As for the fifth and last proposal, I will present it in some detail to clarify the mechanisms that the developed countries have followed to achieve good economic results by implementing a flexible energy subsidy policy. In order for the features of energy subsidy policy and mechanisms to become clear in light of legislation and laws in those countries that have achieved economic progress, we need to develop an accurate classification of the different world countries according to their relationship with energy in terms of production and consumption.

As oil & gas or hydrocarbon energy is still the most reliable, viable and cost-effective source of energy worldwide, the different countries can be classified into two categories based on production and consumption of oil & gas, one is a group of energy producers and the other is a group of global oil & gas consumers. Major oil & gas producers may not have economic challenges related to securing their needs of energy and they have a huge national income from their oil & gas sales that can be used for supporting national economic & social development plans. The other group of oil & gas consumers is divided into two sub-groups, the first includes those who are considered First World countries which have strong economies based on highly profitable activities and have no challenges in dealing with the energy requirements in their countries. The second includes those classified as developing countries that have under-development economies and they are facing more obstacles to securing their energy needs. Therefore, reform in energy legislation will be beneficial for the second group of energy consumers in supporting the economic development of those countries.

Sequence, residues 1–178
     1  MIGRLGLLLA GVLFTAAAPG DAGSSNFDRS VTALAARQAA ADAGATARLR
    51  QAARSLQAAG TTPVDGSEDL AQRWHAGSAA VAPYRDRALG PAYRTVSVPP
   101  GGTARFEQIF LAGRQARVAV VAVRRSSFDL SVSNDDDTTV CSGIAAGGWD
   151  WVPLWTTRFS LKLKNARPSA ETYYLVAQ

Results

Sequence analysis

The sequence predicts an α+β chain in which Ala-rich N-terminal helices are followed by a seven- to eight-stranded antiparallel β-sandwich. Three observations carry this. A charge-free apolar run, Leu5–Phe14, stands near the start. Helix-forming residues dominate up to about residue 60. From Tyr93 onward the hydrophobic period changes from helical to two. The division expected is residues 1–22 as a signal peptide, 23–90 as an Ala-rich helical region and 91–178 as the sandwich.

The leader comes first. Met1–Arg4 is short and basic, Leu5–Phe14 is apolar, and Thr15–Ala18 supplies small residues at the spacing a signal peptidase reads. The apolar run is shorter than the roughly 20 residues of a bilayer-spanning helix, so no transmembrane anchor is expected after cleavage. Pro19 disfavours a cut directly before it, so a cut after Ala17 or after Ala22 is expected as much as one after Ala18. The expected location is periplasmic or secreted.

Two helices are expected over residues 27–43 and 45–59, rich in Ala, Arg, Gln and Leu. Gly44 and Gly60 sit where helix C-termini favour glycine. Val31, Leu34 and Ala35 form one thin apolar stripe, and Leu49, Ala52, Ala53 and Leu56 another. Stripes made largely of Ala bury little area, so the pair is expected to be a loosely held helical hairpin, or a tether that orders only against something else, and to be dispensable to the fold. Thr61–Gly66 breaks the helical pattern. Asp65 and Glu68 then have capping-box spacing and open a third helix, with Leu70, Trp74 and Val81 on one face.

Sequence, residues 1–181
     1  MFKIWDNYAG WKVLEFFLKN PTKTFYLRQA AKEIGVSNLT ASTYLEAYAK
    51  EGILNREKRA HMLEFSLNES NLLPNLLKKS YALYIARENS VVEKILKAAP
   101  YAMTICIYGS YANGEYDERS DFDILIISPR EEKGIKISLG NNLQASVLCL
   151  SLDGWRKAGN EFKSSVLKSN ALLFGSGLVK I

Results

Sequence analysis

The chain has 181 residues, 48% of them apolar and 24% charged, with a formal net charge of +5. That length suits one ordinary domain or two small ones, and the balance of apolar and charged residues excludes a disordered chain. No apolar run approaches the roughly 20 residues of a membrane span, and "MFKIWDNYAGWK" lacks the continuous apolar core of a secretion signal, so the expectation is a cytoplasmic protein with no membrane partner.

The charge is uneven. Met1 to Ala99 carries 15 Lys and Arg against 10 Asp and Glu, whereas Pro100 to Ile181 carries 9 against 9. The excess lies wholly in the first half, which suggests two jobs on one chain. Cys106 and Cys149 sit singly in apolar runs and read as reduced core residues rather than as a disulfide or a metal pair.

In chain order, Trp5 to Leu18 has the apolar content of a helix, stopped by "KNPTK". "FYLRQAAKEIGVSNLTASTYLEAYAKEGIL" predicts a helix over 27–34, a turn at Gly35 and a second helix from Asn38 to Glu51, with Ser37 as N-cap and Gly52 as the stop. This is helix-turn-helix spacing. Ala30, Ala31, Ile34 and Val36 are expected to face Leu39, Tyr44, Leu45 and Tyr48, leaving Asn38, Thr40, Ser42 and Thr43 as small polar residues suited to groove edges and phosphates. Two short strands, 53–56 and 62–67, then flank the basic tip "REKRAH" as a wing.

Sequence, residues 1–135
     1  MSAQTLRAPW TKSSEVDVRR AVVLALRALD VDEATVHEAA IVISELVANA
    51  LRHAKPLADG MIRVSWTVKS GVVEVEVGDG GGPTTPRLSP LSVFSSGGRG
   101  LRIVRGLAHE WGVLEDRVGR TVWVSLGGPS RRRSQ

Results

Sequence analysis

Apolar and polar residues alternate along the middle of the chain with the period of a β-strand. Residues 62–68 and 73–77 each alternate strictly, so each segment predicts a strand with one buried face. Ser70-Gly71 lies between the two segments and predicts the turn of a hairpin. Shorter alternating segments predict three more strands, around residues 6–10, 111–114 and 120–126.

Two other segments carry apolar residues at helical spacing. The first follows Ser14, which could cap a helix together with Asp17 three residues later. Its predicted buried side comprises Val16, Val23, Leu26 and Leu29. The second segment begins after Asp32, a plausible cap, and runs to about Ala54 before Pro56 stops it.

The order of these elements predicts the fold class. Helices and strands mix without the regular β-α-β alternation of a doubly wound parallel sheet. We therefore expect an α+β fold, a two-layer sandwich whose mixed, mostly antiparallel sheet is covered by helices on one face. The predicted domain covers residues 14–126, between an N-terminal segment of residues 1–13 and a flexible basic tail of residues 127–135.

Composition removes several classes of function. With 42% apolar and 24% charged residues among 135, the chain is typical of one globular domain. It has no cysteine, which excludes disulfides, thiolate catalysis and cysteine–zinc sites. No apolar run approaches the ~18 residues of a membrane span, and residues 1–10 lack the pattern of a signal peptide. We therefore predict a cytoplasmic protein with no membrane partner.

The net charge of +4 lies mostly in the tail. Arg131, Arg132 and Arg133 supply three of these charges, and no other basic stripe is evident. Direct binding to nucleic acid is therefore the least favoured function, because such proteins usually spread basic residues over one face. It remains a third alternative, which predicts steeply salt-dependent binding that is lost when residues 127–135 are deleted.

The state providing full or partial energy subsidies all the time, or canceling the subsidies completely in the form of a specific, fixed policy will not be the optimal direction in most cases of countries with emerging economies that need greater flexibility in energy policies and legislation due to the rapid transformations these economies are facing and waves of ups and downs of the global economy.

Therefore, I see that energy subsidies are directed at a specific percentage and for certain categories approved by legislation and determined by laws at specific times according to the development stage and economic conditions that the country is going through without committing to maintaining subsidies always or canceling them as a kind of rationalization of public spending of the state.

In conclusion, I believe that developing countries should follow in the footsteps of countries that have achieved good economic growth in developing and updating energy legislation and laws in line with the economic & developmental stage that these developing countries are going through, especially in light of the current economic challenges that the whole world is going through.